Category: Spellings, Sounds and Initials
Looking through old name data and saying names out loud, you begin to hear the changes in aural trends. Try saying the top ten names from each decade in order, and see what you find! This post is about one sound that’s all-but-vanished from birth certificates: “oy”.
The sound “oy” or “oi” is a diphthong, which means it consists of two adjacent vowels in a single syllable. While the sound shows up quite a lot in English, it’s been decreasing on name records.
Let’s look at some historical “oy” names, then move onto today’s favorites!
To C or not to C, that is the question! She loves the idea of choosing a C first name to go with their C last name. He’s not sold, but will consider it if they can find the perfect name.
In January, my husband and I are expecting our first baby, a sweet little girl! Unfortunately, we’re kind of at an impasse when it comes to names … and time is ticking!
Our last name starts with a hard C sound, and I really want to give our baby a first name that also starts with a C. I grew up with my first and last name starting with the same letter and it was just so much fun. Double initials come with a built-in nickname of Cece (CC), which is adorable.
My husband is not opposed to this idea if we find the perfect one, but he doesn’t want to do it just for the sake of having a C name.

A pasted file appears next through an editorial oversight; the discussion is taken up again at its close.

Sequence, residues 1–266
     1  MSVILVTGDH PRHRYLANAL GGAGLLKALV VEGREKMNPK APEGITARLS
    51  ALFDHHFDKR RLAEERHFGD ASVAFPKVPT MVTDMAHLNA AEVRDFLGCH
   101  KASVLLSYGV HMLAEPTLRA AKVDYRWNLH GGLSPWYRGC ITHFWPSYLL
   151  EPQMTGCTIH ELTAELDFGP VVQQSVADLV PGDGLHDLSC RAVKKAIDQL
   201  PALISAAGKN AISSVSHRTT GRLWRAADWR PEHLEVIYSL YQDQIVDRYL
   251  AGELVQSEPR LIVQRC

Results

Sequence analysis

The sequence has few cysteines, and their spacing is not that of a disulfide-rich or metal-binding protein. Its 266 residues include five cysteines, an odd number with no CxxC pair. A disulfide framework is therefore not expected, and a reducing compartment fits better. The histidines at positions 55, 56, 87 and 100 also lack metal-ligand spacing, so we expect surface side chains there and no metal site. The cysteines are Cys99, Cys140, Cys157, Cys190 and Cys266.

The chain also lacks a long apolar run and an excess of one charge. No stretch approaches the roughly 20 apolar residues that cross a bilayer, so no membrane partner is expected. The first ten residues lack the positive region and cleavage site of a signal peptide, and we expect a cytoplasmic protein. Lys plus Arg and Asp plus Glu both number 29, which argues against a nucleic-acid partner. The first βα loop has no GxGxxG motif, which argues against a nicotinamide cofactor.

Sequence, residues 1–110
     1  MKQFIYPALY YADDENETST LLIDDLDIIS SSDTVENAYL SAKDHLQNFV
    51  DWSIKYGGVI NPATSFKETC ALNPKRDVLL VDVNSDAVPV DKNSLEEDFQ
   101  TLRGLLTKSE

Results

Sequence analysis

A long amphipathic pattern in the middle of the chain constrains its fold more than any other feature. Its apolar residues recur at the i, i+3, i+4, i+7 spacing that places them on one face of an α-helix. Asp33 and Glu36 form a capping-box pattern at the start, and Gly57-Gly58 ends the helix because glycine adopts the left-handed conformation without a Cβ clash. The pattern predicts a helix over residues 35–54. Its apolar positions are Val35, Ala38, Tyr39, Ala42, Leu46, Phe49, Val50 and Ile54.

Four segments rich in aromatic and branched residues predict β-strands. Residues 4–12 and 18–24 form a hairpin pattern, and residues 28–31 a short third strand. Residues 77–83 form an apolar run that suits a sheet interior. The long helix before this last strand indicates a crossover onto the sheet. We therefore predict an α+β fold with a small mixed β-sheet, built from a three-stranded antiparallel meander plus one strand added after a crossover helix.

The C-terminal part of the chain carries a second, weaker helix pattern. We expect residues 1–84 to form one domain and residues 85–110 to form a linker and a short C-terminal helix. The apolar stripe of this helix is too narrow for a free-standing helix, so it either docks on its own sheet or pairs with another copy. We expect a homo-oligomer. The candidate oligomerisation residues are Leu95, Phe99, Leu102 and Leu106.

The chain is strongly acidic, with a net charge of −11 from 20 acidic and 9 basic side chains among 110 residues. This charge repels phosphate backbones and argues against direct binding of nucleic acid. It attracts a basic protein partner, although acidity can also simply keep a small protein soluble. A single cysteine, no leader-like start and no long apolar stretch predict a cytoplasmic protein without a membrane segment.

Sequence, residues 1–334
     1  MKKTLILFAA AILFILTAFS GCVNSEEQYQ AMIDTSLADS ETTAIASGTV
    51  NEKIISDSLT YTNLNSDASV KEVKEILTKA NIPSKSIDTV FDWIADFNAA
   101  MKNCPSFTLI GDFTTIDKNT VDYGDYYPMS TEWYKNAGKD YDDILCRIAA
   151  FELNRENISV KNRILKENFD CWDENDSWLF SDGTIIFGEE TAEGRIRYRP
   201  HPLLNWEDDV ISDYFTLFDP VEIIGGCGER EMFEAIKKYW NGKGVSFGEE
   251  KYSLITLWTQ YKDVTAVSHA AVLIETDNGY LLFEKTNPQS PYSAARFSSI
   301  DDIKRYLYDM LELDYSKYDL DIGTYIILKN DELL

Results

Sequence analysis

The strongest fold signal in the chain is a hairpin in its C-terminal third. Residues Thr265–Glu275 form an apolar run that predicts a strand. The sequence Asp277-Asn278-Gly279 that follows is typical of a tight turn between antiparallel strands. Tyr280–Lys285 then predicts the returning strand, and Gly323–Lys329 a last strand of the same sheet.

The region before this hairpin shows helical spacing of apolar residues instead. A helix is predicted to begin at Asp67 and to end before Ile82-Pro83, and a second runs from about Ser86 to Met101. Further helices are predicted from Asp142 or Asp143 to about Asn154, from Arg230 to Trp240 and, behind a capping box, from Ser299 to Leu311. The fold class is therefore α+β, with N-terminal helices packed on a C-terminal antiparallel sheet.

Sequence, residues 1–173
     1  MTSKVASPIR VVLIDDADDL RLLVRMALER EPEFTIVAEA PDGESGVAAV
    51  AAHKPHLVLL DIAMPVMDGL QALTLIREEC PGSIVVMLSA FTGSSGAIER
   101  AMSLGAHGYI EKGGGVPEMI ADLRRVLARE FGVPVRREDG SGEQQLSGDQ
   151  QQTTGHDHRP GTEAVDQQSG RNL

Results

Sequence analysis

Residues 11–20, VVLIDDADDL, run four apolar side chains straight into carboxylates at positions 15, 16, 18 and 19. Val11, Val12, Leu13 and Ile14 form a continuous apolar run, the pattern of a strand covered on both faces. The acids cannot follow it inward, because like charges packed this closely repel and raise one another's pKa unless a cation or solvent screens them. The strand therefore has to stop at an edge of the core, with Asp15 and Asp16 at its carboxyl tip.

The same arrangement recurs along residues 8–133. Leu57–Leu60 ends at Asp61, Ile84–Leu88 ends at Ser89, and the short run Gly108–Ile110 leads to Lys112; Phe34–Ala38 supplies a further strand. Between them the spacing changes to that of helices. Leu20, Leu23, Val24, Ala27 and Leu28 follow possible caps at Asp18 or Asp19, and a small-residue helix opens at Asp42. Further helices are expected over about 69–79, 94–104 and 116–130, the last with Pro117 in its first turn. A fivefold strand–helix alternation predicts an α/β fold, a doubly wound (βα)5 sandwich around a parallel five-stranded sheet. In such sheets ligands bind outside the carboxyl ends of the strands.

Her middle name will be Harlow as it is a family name.
Hoping for some help to find the perfect combination that we both love, or some good non-C alternatives!
The Name Sage replies:
By Abby Sandel
And yet, other names are open to multiple possibilities. They’re not necessarily wrong – just different. Our assumptions about correct pronunciations are shaped by regional accents and changing trends. Pages and pages in our forum discuss this very issue.
It’s a different challenge from names that are misheard. Name your daughter Emmeline, and she’ll probably be called Emily at least some of the time. But that’s a different kind of frustration than explaining that she’s emmaLINE, rhymes with fine and sign, not emmaLYNN.
Or, of course, the opposite. Because it can be emmaLYNN, rhymes with kin and win, just as easily. Unless, of course, you pronounce it emmaLEEN.
Let’s take a look at nine baby names with pronunciations that often lead to confusion.
By Linda Rosenkrantz
There aren’t very many usable names beginning with Z, and even fewer for girls than boys. Yet the very rarity of girls’ names starting with the last letter of the alphabet immediately gives them an element of distinction, as well as an exotic sound.
Over the years, Zelda has been the longest running American Z girl, in the Top 1000 for most of the years between 1880 and 1967 (and returning just last year). But recently it has been Zoe—and all her spelling variations—that has been the massive hit.
Here they are, along with other, less common, great Z possibilities for girls.
By Linda Rosenkrantz
If you’re looking for a same-letter namesake for your Uncle Derek or Grandpa Dean, you might surprised to see that there are only four—all equally dated—currently in the Top 100: David, Daniel, Dylan and Dominic. But why limit yourself to these obvious choices when there are so many other more distinctive—even daring—possibilities?
Here are the Nameberry Picks of the 11 most underused, undeservedly neglected D boy names. And none of them is in the Top 1000!